A Man Burns Himself to Death.
One of the most shocking suicides which has ever taken place occurred at New York on March 2nd, at the extensive greenhouse of Mr. Louis Schmutz, at Flatbush. The victim was a young man named Phillip Truschel, a nephew of Mr. Schmutz, and employed by him in light work around the greenhouse. Truschel, in a cool and deliberate manner, opened the grate of the furnace, crushed his head, one of his arms, and as much of his body as possible into it, and burned himself to death. There was a strong fire in the furnace at the time the horrible act was committed, and when a fellow-workman discovered the body of the suicide the head and neck and one of the arms were almost burned off. Truschel was only eighteen years of age, and had been in the country twelve months, during which time he had been with his uncle at Flatbush. He was quiet and steady in his habits, and read considerably. He was subject to frequent fits of despondency, and on many occasions had threatened to commit suicide by shooting himself. As he had never, however, made any attempt on his own life, his uncle supposed he was fooling, and never gave the matter much attention. The young man was always treated kindly by his uncle’s family, and whatever wishes he might express were gratified. He was very retiring in his disposition, and no credence is given to the rumor that it was a disappointment in love which led him to take his own life. That the act was deliberate was apparent from the fact that he left a note behind him, written in German, on the back of a business card. The note was as follows: —“Flatbush, March 1, 1881. Good-bye to all. And if anyone is tired of life, as I am, he need only do as I am about to do.— Philip Truschel.”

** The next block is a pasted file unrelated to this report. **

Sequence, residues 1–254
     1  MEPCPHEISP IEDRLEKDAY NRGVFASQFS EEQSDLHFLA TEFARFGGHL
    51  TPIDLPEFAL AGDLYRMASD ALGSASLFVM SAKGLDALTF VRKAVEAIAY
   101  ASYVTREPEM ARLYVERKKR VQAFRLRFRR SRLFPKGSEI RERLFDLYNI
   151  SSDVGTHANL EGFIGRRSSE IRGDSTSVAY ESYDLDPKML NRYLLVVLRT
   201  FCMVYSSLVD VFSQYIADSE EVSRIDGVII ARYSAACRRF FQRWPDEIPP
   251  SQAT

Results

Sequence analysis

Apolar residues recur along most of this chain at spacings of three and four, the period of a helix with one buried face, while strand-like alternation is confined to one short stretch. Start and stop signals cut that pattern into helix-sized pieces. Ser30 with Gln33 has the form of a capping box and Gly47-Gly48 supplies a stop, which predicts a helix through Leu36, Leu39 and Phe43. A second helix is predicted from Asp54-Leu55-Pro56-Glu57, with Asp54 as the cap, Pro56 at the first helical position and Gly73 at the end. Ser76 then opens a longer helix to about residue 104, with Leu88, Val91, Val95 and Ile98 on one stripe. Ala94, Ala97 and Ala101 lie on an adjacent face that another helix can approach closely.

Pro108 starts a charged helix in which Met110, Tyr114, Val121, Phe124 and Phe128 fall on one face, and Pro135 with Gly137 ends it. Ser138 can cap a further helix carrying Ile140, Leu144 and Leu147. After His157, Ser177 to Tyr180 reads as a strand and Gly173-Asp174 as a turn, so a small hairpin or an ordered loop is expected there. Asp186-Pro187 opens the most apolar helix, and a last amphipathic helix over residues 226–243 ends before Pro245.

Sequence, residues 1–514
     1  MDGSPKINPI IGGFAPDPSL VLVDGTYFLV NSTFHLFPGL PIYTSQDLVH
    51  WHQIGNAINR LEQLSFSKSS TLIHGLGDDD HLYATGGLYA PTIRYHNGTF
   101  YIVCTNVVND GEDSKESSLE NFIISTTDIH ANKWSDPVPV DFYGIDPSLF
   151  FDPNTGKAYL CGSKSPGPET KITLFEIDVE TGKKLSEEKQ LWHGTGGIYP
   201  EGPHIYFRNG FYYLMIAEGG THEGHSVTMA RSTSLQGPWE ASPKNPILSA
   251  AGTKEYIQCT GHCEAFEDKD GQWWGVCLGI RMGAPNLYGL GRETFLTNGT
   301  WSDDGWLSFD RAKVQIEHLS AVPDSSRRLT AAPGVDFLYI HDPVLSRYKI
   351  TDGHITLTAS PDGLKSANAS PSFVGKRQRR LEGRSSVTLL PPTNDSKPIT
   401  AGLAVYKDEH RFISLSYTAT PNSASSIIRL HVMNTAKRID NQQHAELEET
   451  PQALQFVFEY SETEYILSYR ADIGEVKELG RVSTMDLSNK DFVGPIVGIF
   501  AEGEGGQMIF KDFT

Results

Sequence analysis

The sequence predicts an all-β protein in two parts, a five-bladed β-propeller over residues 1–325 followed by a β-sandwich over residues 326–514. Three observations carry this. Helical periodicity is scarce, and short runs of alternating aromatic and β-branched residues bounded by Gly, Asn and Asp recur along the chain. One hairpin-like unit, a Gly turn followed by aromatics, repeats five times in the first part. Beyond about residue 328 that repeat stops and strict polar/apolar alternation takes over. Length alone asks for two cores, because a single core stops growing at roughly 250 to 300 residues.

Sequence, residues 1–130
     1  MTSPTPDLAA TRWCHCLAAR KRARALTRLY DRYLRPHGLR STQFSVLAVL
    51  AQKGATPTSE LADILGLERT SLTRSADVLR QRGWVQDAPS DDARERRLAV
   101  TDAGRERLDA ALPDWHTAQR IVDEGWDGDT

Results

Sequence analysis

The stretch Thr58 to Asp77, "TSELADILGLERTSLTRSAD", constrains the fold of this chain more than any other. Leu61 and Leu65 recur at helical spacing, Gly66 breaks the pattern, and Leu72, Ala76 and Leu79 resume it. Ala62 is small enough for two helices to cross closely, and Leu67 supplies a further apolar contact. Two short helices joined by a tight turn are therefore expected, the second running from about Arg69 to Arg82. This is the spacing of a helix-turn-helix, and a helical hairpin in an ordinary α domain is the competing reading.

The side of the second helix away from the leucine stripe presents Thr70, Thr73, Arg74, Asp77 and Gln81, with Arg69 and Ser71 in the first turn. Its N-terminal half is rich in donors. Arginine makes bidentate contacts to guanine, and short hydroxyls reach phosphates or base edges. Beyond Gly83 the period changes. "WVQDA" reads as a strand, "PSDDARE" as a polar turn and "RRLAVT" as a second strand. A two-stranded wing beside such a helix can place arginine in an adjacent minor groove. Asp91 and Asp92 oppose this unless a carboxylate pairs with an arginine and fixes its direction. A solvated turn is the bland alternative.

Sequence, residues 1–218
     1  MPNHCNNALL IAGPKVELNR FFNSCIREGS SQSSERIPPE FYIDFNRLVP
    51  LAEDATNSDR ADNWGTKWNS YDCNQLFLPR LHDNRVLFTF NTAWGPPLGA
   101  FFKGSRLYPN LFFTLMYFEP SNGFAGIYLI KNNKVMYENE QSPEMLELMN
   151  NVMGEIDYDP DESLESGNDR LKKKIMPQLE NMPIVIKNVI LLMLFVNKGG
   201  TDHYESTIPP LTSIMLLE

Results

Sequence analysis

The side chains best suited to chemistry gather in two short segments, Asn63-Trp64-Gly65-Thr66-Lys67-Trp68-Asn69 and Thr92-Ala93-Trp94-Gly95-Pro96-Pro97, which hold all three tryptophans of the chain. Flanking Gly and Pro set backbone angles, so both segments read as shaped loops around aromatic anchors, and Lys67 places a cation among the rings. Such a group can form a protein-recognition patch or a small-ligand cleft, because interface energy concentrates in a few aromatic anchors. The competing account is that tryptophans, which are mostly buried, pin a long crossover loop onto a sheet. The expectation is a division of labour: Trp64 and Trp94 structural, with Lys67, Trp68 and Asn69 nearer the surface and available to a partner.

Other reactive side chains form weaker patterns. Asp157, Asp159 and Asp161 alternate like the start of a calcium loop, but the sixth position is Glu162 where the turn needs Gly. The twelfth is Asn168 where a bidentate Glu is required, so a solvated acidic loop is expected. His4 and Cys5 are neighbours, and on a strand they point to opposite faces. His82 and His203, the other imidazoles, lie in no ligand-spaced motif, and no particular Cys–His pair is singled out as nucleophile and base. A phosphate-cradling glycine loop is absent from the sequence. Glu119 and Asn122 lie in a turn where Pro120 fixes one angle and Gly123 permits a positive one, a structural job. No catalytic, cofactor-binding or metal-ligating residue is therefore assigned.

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A Man Burns Himself to Death., Ashburton Guardian, Volume 2, Issue 329, 27 April 1881
A Man Burns Himself to Death. Ashburton Guardian, Volume 2, Issue 329, 27 April 1881
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